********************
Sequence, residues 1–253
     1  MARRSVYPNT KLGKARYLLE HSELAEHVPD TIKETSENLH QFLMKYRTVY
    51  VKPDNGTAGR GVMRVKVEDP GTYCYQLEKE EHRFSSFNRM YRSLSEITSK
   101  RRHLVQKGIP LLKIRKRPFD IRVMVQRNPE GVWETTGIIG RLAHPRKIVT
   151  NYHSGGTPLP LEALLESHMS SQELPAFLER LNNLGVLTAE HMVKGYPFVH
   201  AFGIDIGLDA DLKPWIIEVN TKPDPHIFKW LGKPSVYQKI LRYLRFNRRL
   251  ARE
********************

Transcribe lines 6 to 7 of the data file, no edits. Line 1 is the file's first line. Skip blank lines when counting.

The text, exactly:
   201  AFGIDIGLDA DLKPWIIEVN TKPDPHIFKW LGKPSVYQKI LRYLRFNRRL
   251  ARE